... and those they left behind

"They that love beyond the world cannot be separated by it. Death cannot kill what never dies."
--- William Penn


April 15, 2002

"Our towers may not stand, but we, as a nation, stand as tall as ever."

Author Unknown
Submitted by Katie D., Age 12 --- Indiana

April 15, 2002

We rarely get a chance to see another country's editorial about us, the USA. When you think the US isn't thought well of all over the world, read this editorial from a Romanian Newspaper.


Why are Americans so united? They don't resemble one another even if you paint them! They speak all the languages of the world and form an astonishing mixture of civilizations. Some of them are nearly extinct, others are incompatible with one another, and in matters of religious beliefs, not even God can count how many they are.

Still, the American tragedy turned three hundred million people into a hand put on the heart. Nobody rushed to accuse the White House, the army, the secret services that they are only a bunch of losers. Nobody rushed to empty their bank accounts. Nobody rushed on the streets nearby to gape about.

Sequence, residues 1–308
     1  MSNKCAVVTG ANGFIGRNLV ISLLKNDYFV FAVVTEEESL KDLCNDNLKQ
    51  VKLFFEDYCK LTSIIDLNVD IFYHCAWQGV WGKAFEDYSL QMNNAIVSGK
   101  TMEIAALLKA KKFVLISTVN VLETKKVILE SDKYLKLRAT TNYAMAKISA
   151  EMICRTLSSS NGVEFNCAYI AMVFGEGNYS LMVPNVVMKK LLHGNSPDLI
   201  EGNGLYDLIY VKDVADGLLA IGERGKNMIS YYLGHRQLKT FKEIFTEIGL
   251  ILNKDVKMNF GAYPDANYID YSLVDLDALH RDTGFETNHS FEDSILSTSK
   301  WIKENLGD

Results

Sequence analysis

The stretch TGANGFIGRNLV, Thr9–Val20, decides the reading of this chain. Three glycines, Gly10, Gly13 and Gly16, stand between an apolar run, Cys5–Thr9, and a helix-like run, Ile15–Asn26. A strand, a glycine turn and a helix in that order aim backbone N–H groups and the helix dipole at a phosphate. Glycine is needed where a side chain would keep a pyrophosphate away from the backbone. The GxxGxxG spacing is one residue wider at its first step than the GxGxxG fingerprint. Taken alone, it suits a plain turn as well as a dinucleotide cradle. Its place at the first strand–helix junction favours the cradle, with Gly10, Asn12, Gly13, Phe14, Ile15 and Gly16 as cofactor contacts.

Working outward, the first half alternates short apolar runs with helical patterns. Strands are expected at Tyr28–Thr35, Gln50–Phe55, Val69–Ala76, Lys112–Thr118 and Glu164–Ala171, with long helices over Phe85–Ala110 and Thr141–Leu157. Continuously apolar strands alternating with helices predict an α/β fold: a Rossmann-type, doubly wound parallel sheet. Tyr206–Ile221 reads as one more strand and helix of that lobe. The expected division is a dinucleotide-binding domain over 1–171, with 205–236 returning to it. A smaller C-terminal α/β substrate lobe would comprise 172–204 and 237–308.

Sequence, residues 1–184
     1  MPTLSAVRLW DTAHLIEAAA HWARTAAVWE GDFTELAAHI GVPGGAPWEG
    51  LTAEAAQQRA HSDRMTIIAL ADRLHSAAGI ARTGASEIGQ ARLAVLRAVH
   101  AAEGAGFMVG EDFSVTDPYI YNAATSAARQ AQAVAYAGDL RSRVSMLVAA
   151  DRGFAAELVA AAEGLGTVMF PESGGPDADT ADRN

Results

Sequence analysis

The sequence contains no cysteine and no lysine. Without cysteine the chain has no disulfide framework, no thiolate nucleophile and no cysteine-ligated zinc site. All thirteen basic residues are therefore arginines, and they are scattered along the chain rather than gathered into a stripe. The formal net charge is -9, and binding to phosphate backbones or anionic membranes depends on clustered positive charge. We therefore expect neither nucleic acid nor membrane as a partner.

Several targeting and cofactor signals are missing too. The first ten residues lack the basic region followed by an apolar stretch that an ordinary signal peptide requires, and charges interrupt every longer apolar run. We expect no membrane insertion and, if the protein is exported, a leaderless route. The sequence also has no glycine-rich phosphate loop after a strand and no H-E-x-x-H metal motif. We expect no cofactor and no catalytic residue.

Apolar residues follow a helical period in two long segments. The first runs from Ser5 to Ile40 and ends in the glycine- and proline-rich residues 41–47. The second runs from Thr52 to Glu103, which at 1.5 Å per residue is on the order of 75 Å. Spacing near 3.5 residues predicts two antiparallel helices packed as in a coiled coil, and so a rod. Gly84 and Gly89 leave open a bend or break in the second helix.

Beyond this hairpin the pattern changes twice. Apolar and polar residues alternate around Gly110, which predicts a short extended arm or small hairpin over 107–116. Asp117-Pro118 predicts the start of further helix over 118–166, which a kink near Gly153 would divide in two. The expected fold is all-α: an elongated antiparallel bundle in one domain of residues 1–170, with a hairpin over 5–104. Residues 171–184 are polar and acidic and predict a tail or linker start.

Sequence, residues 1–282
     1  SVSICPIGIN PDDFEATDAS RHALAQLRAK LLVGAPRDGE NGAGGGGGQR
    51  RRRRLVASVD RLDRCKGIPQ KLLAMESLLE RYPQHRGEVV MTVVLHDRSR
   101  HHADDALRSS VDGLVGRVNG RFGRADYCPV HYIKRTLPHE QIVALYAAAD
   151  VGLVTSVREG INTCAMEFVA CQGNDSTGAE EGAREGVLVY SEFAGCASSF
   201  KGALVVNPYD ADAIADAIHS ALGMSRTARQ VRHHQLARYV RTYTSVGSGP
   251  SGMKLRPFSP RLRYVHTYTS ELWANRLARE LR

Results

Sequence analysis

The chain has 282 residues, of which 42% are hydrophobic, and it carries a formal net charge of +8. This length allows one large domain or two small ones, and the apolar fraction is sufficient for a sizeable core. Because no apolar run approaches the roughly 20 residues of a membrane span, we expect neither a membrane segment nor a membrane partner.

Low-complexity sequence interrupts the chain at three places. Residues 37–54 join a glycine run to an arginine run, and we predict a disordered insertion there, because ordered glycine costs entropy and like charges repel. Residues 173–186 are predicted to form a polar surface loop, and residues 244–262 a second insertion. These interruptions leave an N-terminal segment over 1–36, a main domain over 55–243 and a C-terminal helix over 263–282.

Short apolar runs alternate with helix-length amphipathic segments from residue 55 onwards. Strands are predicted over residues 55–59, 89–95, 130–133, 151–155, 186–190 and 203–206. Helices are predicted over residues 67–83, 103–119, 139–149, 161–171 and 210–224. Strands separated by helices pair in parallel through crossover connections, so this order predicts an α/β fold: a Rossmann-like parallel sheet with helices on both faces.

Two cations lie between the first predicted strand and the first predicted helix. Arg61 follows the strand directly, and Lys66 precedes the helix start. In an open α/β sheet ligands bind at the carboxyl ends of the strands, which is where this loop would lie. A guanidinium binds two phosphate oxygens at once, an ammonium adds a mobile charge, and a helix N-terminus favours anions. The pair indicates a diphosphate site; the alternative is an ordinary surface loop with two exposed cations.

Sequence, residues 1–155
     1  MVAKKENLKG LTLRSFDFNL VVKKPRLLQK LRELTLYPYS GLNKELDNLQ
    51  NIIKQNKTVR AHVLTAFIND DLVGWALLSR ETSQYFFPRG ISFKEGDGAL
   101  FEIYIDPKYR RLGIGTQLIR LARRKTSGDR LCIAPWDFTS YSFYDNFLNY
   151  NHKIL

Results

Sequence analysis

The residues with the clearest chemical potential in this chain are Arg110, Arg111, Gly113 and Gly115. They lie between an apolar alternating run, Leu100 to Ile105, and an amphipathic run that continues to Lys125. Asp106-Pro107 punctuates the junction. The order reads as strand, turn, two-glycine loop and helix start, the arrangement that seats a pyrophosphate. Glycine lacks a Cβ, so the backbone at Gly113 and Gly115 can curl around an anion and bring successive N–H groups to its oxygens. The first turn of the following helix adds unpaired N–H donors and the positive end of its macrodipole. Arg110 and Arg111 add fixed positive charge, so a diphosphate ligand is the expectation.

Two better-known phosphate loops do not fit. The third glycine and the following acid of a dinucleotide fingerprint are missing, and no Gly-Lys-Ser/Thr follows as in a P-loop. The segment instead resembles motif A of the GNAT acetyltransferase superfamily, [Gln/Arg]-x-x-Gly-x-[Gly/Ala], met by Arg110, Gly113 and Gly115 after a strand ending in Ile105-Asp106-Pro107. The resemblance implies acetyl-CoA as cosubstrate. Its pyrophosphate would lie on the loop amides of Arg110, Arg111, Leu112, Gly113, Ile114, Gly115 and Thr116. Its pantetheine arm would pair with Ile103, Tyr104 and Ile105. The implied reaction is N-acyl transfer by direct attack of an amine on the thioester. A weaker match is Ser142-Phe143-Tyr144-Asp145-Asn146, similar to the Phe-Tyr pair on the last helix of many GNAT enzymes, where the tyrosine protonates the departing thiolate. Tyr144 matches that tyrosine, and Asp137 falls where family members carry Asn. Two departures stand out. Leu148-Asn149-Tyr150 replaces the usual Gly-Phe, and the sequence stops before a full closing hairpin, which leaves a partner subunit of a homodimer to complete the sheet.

The Americans volunteered to donate blood and to give a helping hand. After the first moments of panic, they raised the flag on the smoking ruins, putting on T-shirts, caps and ties in the colors of the national flag.

They placed flags on buildings and cars as if in every place and on every car a minister or the president was passing. On every occasion they started singing their traditional song: "God Bless America!".

Silent as a rock, I watched the charity concert broadcast on Saturday once, twice, three times, on different TV channels. There were Clint Eastwood, Willie Nelson, Robert de Niro, Julia Roberts, Cassius Clay, Jack Nicholson, Bruce Springsteen, Sylvester Stalone, James Wood, and many others whom no film or producers could ever bring together. The American's solidarity spirit turned them into a choir. Actually, choir is not the word. What you could hear was the heavy artillery of the American soul.

What neither George W. Bush, nor Bill Clinton, nor Colin Powell could say without facing the risk of stumbling over words and sounds, was being heard in a great and unmistakable way in this charity concert.